I'm confident that most folks could easily train themselves to consistently get within a few degrees by touch. When I first tested with an instant-read thermometer, it felt too-hot-to-touch right around 135°F. So I added a few seconds which brought it to between 140° and 143°. Then I tested every day for a couple weeks and it was always between 140° and 145°, usually right around 143°F. I'm certain others could do the same; it's not rocket science. :-)
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#18: Post by RistrettoCapp »

Whether you are just learning or want to improve your milk steaming and texturing skills, this is one of the better of videos I have seen that touches on the important aspects.
James is a well-respected coffee geek and world barista champion, and really breaks down the minutiae of steaming milk.


#19: Post by espresso_noob23 »

Has anyone thought to use the thermometer and keep their hand at the bottom of the jug to calibrate your hand to the temp that corresponds to 140-145f?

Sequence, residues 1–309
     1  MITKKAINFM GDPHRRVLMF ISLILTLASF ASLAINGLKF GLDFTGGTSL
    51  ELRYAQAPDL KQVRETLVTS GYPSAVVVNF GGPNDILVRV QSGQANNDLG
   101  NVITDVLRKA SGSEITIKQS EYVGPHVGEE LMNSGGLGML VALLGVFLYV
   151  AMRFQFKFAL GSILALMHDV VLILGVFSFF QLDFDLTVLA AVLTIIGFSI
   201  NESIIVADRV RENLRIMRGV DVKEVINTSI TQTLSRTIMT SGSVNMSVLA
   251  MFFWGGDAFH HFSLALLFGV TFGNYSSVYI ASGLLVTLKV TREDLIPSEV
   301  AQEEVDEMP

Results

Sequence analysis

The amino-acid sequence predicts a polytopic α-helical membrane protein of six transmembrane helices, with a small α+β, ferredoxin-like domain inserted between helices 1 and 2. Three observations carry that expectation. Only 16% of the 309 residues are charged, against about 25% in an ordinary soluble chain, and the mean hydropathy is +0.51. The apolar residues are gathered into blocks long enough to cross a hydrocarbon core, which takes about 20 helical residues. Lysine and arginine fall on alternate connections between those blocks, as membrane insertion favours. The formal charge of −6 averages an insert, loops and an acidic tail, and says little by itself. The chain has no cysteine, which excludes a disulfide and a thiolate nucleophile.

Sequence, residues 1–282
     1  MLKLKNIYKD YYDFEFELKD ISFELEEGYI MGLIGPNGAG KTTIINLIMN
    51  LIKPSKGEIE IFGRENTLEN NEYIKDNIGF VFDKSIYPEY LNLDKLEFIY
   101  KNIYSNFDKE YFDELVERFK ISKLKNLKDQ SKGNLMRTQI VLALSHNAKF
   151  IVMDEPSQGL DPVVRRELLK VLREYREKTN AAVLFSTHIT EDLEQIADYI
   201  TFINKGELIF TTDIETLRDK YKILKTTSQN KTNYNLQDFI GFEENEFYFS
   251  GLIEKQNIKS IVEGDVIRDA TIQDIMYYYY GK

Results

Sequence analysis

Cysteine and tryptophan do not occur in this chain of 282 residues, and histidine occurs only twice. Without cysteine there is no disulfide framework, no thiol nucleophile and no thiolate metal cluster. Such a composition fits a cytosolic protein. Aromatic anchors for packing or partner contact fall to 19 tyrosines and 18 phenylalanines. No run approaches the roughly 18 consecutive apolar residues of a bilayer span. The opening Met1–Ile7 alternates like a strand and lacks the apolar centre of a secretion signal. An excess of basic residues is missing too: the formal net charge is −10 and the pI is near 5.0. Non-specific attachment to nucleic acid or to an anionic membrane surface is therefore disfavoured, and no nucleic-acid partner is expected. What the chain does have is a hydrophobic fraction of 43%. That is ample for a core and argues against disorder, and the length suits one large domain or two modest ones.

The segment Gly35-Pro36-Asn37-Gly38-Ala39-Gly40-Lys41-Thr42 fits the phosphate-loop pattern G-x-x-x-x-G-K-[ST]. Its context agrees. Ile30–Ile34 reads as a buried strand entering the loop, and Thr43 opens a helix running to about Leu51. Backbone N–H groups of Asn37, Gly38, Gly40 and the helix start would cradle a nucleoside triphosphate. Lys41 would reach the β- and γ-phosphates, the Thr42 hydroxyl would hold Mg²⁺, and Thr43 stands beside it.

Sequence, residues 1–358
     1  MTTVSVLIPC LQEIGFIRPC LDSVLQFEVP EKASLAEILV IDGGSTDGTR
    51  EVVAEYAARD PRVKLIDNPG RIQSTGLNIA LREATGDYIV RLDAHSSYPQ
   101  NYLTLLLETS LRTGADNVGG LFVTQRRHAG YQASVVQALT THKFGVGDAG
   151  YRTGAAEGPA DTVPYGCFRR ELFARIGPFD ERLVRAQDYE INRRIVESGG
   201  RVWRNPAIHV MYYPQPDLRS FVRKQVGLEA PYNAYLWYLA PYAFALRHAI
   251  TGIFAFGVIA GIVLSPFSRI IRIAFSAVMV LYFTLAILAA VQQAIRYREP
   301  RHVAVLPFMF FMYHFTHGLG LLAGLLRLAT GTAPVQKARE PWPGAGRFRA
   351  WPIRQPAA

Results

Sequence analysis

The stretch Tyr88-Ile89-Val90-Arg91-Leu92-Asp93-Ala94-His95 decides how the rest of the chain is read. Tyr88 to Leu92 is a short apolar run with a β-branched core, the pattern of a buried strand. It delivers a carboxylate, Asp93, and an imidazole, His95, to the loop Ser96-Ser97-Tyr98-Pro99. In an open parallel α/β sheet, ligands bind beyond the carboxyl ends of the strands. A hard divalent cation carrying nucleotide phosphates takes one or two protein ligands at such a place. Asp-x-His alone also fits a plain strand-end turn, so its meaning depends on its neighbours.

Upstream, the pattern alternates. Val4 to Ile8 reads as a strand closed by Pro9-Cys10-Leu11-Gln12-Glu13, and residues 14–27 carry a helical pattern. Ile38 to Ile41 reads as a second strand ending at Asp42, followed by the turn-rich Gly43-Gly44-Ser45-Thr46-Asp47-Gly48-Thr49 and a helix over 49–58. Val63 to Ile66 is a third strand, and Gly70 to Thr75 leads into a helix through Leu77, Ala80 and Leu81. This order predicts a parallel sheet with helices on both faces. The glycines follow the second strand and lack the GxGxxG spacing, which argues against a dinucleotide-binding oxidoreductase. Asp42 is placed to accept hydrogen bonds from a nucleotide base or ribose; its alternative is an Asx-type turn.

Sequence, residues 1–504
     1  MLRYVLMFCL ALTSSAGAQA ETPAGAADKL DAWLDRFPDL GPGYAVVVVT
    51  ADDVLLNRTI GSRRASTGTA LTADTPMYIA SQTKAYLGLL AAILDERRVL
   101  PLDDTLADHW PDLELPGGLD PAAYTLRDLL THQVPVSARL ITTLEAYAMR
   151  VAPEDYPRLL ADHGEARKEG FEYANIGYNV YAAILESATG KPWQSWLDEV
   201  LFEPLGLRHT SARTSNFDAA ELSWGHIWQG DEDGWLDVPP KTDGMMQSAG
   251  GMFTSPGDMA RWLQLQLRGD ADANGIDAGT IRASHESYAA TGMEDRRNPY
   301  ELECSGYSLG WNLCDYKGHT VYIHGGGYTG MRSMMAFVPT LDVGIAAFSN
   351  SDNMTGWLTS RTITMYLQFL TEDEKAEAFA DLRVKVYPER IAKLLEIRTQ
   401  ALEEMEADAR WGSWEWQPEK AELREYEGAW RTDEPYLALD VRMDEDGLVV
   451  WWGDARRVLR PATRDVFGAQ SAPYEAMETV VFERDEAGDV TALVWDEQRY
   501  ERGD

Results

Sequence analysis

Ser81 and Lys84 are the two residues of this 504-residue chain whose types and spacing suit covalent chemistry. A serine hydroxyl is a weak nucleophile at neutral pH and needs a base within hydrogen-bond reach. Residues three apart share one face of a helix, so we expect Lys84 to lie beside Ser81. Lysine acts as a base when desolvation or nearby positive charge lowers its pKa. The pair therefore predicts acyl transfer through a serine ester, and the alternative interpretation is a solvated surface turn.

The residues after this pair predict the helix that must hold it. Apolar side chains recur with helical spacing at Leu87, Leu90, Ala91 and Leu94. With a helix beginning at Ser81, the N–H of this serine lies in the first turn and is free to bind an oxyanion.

Since everyone has a different pain tolerance and I assume the thickness of the metal in the jug also matters it may be a good idea to use a thermometer until you "feel" what 140-145f is on your particular milk jug and then ditch the thermometer all together and focus on the froth and milk texture.

P.s, I'm very new to the espresso game, but just a thought I had that I'm going to try out.

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#20: Post by mrgnomer »

Yes, someone did say thermostats are used in barista training to get you used to what stretched milk temperature should feel like. I think it was also pointed out that once your hand knows the temperature it's pretty accurate.